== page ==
Creating a function to extract the token from the headers

The best practice for passing tokens is through the authorisation header and this has become an industry standard.

You can read about the “Bearer” authentication scheme we are going to use here :

We are going to create a simple function called verifyToken which will check that each request at least contains a valid token ,

Let’s break down the code:

First we assign the value of the authorization header to a constant , we then split that constant into the two different values ‘Bearer’ and the token value ,since split will return an array of strings ,  the token will be at the second index in the bearer array.

Granting access to protected routes using token authentication

We now need to create another route which is going to be our ‘protected’ route. The premise is simple , we have an api called posts which will accept our token and then once verified it will return a message with the token deconstructed into the same payload we passed in the auth request.

Let’s break down the code

We now use a different method of the JWT packaged which is verify , verify accepts the same secret key we used to sign the token in order to deconstruct it. It also accepts a callback which is used to perform logic in the event of successful verification and unsuccessful verification.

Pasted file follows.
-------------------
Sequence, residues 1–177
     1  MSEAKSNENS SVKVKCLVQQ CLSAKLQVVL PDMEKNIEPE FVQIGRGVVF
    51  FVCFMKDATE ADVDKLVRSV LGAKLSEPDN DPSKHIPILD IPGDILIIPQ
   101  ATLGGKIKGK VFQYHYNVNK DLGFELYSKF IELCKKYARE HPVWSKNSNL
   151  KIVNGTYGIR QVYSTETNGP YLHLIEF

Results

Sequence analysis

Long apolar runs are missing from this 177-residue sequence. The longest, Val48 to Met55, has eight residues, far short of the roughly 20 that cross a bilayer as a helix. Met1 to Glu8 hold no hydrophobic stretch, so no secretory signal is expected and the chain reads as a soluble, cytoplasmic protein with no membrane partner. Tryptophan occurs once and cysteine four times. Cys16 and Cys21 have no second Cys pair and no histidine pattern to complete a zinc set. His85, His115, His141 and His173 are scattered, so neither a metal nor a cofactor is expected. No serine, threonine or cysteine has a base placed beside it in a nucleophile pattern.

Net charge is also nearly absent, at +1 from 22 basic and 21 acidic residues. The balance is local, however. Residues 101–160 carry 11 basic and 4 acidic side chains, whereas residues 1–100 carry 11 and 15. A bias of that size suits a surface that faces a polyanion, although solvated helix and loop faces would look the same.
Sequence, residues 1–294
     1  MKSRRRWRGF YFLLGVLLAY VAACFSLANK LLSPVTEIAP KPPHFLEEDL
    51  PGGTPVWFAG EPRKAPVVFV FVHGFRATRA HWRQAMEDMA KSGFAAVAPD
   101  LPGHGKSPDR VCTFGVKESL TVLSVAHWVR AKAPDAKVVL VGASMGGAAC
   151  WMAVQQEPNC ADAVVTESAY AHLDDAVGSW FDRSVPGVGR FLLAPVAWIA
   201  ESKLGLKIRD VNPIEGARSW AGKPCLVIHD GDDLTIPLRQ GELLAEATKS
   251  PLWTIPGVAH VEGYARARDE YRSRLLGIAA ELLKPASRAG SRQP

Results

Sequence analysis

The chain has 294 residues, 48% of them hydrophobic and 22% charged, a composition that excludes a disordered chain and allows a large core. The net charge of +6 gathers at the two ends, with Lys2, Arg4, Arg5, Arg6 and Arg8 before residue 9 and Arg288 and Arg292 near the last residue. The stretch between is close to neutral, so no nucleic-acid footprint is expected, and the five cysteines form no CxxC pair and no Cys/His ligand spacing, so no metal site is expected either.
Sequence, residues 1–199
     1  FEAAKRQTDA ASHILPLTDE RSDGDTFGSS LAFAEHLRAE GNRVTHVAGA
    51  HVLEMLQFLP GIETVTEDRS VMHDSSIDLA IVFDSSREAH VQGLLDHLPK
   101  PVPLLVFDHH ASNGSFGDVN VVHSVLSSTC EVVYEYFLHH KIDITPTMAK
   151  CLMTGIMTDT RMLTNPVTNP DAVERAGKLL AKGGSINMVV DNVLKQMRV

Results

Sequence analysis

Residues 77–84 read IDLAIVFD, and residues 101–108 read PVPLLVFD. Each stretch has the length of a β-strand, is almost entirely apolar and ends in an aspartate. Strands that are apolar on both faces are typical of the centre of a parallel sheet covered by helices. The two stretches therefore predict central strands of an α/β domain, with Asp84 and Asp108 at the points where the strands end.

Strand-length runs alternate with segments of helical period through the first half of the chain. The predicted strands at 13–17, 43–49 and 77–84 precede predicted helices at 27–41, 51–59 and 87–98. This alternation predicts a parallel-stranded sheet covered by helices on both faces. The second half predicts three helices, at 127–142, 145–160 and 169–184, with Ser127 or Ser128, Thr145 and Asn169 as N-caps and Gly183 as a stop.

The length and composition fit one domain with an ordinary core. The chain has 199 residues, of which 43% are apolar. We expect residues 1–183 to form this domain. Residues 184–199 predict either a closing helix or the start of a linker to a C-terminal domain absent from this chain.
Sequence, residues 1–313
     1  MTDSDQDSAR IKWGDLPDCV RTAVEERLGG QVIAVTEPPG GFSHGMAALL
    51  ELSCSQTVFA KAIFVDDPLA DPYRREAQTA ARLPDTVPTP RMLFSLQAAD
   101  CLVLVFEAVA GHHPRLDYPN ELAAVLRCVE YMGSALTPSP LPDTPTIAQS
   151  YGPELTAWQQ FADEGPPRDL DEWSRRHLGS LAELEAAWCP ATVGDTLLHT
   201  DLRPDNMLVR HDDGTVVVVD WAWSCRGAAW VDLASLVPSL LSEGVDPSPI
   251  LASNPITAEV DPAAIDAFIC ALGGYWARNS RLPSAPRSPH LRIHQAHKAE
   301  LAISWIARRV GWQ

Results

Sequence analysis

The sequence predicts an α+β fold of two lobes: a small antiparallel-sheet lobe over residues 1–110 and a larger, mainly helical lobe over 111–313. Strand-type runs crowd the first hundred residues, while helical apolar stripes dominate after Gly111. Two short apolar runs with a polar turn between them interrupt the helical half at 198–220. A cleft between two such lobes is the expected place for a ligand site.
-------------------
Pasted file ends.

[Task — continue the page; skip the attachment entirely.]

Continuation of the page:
Once again we can test to see if our logic has worked by firing off a simple postman POST request to that route and include the token in the authorization header (Don’t forget to include the keyword “Bearer” one space before your token). ivermectin/pyrantel pamoate


In conclusion , token authentication is a great way to add critical security features to your applications. Simple , lightweight and cross-platform means it scales really well and if implemented correctly can add a lot of flexibility. I hope this tutorial helps you understand the tools and concepts needed to successfully implement this in your projects!


JWT- JSON Web Token is an open standard that defines a compact and self-contained way for securely transmitting information between parties as a JSON object. This information can be verified and trusted because it is digitally signed.

Restful API’s – A RESTful API is an application program interface (API) that uses HTTP requests to GET, PUT, POST and DELETE data.

Integration testing – is a level of software testing where individual units are combined and tested as a group. The purpose of this level of testing is to expose faults in the interaction between integrated unit.

Bearer authentication (also called token authentication) – is an HTTP authentication scheme that involves security tokens called bearer tokens. The name “Bearer authentication” can be understood as “give access to the bearer of this token.” The bearer token is a cryptic string, usually generated by the server in response to a login request. The client must send this token in the Authorization header when making requests to protected resources:

Useful resources: